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Top-3 Canadiens Players With Most To Prove Before Season’s End



Montreal Canadiens forward Alex Belzile

With just under 16 games left in the NHL season, a handful of Montreal Canadiens players have a great opportunity to prove themselves.

The Canadiens have had a record amount of injuries, but, with injury comes opportunity.

That’s essentially what the Canadiens will be doing between now and April 13, as they have a unique opportunity to get long looks at some of their players in more important roles down the stretch.

With this time, general manager Kent Hughes will get a better handle on how he could piece his roster for next season.

Rafaël Harvey-Pinard has already seemingly punched his ticket to a starting job on the Canadiens’ fourth line next season with his timely offence and inspiring play.

With head coach Martin St-Louis giving him over 17 minutes of ice time of late, it’s quite evident to see that Harvey-Pinard has seized his opportunity.

But, who else could use the next month to prove their worth to the Habs’ management team?

We take a look below:

Alex Belzile

There is perhaps no bigger underdog story in the Canadiens organization over the last couple of years than that of Alex Belzile.

The 31-year-old joined the Canadiens organization five years ago and is now getting his first true chance with the big club after their ridiculous string of injuries.

Having played a total of 19 games over the past four seasons with the Canadiens in the form of injury-prompted recalls, Belzile has matched that number over the last two months alone.

However, this time, things are going his way.

The veteran forward has not only been a big help down the middle for Montreal, with Kirby Dach, Jake Evans and Sean Monahan all injured, but he’s been a big component of their penalty-killing and defensive strategy at even strength.

Despite only getting an average of 11 minutes of ice time a night, Belzile is showing he has what it takes to be a bottom-six player for the Canadiens; something that could allow Hughes to offload his more expensive contracts for underperforming players.

Jonathan Drouin

Jonathan Drouin has had a very tenuous ride in Montreal since being acquired back in 2017.

After his last two seasons were set back due to injuries, Drouin has done slightly better this year in keeping away from the injury bug.

Drouin has mentioned a desire to return to the Habs next season on multiple occasions, but, he’s still got 16 games to continue on his current streak to convince Canadiens management.

The 27-year-old started the season on the wrong foot, with just 5 points in his first 19 games of the season.

The pending free agent then ran into some injury trouble that kept him out until the new year; and that’s when things started taking a turn for the better.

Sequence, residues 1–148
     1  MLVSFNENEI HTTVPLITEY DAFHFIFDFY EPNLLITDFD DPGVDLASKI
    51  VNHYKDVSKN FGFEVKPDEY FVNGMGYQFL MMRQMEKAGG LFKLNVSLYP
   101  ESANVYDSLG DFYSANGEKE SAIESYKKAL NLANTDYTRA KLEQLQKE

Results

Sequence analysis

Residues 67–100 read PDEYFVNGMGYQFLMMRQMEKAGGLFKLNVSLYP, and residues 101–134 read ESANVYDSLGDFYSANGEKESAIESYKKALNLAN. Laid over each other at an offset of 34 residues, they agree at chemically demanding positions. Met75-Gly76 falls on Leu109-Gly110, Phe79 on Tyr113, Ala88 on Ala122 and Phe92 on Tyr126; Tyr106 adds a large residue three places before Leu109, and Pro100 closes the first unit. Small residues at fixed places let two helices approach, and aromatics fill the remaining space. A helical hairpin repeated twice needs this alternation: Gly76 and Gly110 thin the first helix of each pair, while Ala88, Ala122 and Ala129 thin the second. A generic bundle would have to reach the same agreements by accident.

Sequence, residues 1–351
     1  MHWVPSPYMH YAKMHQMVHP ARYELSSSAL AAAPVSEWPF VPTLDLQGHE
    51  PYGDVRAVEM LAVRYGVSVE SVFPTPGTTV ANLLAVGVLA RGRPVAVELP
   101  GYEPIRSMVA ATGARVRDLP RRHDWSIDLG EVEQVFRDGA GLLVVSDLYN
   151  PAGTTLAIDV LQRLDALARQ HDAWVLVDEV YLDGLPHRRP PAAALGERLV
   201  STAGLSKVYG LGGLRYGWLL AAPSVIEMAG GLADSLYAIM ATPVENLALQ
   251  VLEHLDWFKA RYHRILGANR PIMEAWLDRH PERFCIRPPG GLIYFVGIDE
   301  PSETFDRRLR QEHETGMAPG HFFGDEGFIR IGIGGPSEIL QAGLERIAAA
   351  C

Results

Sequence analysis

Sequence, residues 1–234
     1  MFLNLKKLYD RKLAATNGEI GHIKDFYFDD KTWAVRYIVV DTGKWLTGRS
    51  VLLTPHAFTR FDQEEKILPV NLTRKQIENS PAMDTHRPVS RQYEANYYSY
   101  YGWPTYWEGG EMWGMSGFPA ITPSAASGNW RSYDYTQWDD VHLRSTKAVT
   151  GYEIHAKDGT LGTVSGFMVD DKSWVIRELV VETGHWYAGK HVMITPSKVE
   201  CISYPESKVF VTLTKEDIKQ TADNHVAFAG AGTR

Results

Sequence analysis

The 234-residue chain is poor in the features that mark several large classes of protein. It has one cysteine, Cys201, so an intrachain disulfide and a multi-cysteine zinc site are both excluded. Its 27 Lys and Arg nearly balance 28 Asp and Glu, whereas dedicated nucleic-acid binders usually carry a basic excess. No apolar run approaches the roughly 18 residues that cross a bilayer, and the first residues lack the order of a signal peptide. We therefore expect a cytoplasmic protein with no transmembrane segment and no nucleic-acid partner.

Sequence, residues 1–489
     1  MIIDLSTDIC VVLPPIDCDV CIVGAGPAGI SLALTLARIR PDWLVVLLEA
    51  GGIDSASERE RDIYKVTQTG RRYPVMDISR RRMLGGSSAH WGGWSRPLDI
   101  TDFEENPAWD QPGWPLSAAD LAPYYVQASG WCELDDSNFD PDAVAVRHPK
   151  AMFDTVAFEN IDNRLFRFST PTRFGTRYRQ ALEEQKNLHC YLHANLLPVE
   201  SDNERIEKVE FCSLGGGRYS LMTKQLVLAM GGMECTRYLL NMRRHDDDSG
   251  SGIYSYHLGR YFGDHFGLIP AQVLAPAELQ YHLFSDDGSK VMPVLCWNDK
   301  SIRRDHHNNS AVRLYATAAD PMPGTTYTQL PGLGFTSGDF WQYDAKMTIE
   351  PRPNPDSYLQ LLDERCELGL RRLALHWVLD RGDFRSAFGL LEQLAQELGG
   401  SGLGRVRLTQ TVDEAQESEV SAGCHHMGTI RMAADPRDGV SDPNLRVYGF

In his last 21 games, Drouin has been able to register one goal and 17 assists for 18 points; and this with an average ice time of about 15 minutes this season.

After finally breaking his 14-month goal-scoring drought, Drouin looks confident and comfortable for the Habs, holding down a centre role and thriving in it; which is complete irony given the reasoning behind his acquisition in the first place.

Whether it’s with the Canadiens or elsewhere in the NHL, the next 16 games will be crucial in convincing management teams across the NHL that, when healthy, Drouin can be an effective top-9 player in the NHL.


Denis Gurianov

Denis Gurianov was acquired by general manager Kent Hughes in exchange for Evgenii Dadonov a few days prior to the NHL Trade Deadline as an end-os-season experiment.

With Gurianov holding a $2.9M cap hit until the end of the year, Hughes will have the next 16 games to evaluate whether it makes sense to provide Gurianov with a qualifying offer at the end of the season or cut him loose.

After two very strong games during the Habs’ western road trip, Gurianov has gone back to the inconsistent play that got him in the dog house with the Dallas Stars over the last few years.

He possesses all the tools; the speed, the size and the enviable shooting ability, but simply isn’t able to put it all together on a consistent basis.

The 25-year-old now has 16 games, with consistent power play time and over 13 minutes of ice time to prove that he could be an interesting piece for the Canadiens moving forward.

The ball is entirely in his court as of right now, but, after less-than-desirable performances against the Golden Knights, Hurricanes and Rangers; time is quickly running out.

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Gurianov played fine when he was on the top line with Suzuki, but since he’s been on a different line he’s disappeared. That’s all we need to know about him. He won’t be utilized on the top line if we resign him, so it doesn’t make much sense to keep him, especially when you consider we have too many RW already. Drouin is done in Montreal regardless of what he says. I wish him well, but see ya! Belzile is a keeper if he’s willing to continue in the role he’s had as a leader in the AHL and a call-up when we’re in injury trouble. If he’s looking to be a full time NHLer, then maybe we have to let him chase his dream elsewhere. I’d like to keep him, but we have multiple kids coming that will need a place to play, so I guess the ball is in his court as to what he wants.

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